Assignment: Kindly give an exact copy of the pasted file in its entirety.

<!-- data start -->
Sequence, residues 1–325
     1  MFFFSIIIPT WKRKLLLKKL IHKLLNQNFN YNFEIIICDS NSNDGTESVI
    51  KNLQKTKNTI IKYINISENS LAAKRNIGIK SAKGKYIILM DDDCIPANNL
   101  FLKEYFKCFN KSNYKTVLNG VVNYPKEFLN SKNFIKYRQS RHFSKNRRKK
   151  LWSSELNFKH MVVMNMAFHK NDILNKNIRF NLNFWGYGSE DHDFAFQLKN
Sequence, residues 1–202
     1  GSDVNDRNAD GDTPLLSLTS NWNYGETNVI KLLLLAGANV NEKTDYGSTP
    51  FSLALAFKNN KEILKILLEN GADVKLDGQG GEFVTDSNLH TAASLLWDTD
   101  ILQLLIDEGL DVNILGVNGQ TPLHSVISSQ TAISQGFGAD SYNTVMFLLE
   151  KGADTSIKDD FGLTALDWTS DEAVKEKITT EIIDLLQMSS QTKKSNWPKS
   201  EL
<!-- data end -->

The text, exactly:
Sequence, residues 1–325
     1  MFFFSIIIPT WKRKLLLKKL IHKLLNQNFN YNFEIIICDS NSNDGTESVI
    51  KNLQKTKNTI IKYINISENS LAAKRNIGIK SAKGKYIILM DDDCIPANNL
   101  FLKEYFKCFN KSNYKTVLNG VVNYPKEFLN SKNFIKYRQS RHFSKNRRKK
   151  LWSSELNFKH MVVMNMAFHK NDILNKNIRF NLNFWGYGSE DHDFAFQLKN
Sequence, residues 1–202
     1  GSDVNDRNAD GDTPLLSLTS NWNYGETNVI KLLLLAGANV NEKTDYGSTP
    51  FSLALAFKNN KEILKILLEN GADVKLDGQG GEFVTDSNLH TAASLLWDTD
   101  ILQLLIDEGL DVNILGVNGQ TPLHSVISSQ TAISQGFGAD SYNTVMFLLE
   151  KGADTSIKDD FGLTALDWTS DEAVKEKITT EIIDLLQMSS QTKKSNWPKS
   201  EL